Listing the Contents of the World

list on blackboard

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The many ways to list items in HTML.

The entire Web Design Principles section can be accessed through the menu below.

Unfortunately, not everyone’s browser will support the spiffy JavaScript menu behind that innocent-looking button. If your browser won’t display the menu, just click on the button and you’ll be taken to a separate page with the entire menu displayed in clear, non-JavaScript HTML.

Creating lists means organizing data. The better you organize your lists, the easier the user will understand what the data mean. — SAP Design Guild

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There are three widely used kinds of lists: unordered, ordered, and definition lists. Since we use unordered (<ul> </ul>) in the first part of the lessons, let’s start off with a quick look at the other two. But first, some things all lists have in common.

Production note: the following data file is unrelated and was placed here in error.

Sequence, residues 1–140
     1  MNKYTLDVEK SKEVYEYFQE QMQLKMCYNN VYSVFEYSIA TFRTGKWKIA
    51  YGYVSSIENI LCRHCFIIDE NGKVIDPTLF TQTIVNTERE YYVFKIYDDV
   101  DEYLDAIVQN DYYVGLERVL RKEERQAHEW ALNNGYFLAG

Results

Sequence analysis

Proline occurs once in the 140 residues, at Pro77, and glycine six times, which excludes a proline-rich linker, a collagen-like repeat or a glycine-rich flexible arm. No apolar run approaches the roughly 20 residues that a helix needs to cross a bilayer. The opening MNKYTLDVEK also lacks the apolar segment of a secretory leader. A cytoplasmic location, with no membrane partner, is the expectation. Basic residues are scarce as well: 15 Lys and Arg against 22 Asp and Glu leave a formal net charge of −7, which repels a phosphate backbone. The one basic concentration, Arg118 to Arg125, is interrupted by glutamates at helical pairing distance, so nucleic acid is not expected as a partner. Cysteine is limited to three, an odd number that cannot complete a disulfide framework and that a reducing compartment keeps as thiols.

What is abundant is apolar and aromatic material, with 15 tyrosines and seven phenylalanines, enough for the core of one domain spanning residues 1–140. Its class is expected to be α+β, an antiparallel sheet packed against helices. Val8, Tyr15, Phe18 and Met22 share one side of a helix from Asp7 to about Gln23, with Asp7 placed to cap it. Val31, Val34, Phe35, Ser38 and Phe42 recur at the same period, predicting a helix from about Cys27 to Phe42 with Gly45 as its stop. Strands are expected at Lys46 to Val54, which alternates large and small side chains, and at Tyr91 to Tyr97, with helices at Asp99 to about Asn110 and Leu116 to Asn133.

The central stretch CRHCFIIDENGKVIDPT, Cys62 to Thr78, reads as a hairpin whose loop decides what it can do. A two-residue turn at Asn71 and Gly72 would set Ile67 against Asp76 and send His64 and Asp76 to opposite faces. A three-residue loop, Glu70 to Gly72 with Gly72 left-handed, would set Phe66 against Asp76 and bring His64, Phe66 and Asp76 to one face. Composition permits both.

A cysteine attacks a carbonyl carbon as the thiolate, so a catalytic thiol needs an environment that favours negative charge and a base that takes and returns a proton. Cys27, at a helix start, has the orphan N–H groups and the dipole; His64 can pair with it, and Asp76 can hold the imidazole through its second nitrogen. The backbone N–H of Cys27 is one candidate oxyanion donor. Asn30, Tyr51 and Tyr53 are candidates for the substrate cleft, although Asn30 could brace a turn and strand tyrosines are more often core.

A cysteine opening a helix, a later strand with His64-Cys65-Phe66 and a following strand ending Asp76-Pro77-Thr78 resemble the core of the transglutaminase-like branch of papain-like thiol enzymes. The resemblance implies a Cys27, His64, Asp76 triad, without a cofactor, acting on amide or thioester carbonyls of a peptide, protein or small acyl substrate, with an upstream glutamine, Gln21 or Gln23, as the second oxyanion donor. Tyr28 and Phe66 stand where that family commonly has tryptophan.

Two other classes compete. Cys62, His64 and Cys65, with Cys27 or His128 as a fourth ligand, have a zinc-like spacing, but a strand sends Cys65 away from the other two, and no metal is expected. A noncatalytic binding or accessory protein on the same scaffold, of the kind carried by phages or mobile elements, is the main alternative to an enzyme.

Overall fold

List Properties

Lists have a number of properties that can be used to modify their appearance.


By default, ordered and unordered lists have “markers,” either a bullet or a number, to set them off. The list-style-type element lets you modify the appearance of those markers, either to change them or to have them not display at all.

See below to get some examples of how the different lists employ the list-style-type element.


Inside or outside? The default position for list numeration is outside (called a "hanging indent"), but you can change that with the list-style-position attribute (try them to see how they look in your lists):

list-style-position: inside;

Unfortunately, CSS doesn’t allow you to decide how much room will be between the bullets/numeration and the list item text, nor can you tinker with the vertical positioning. (We may see something along these lines in CSS3.)

Using Images for Numeration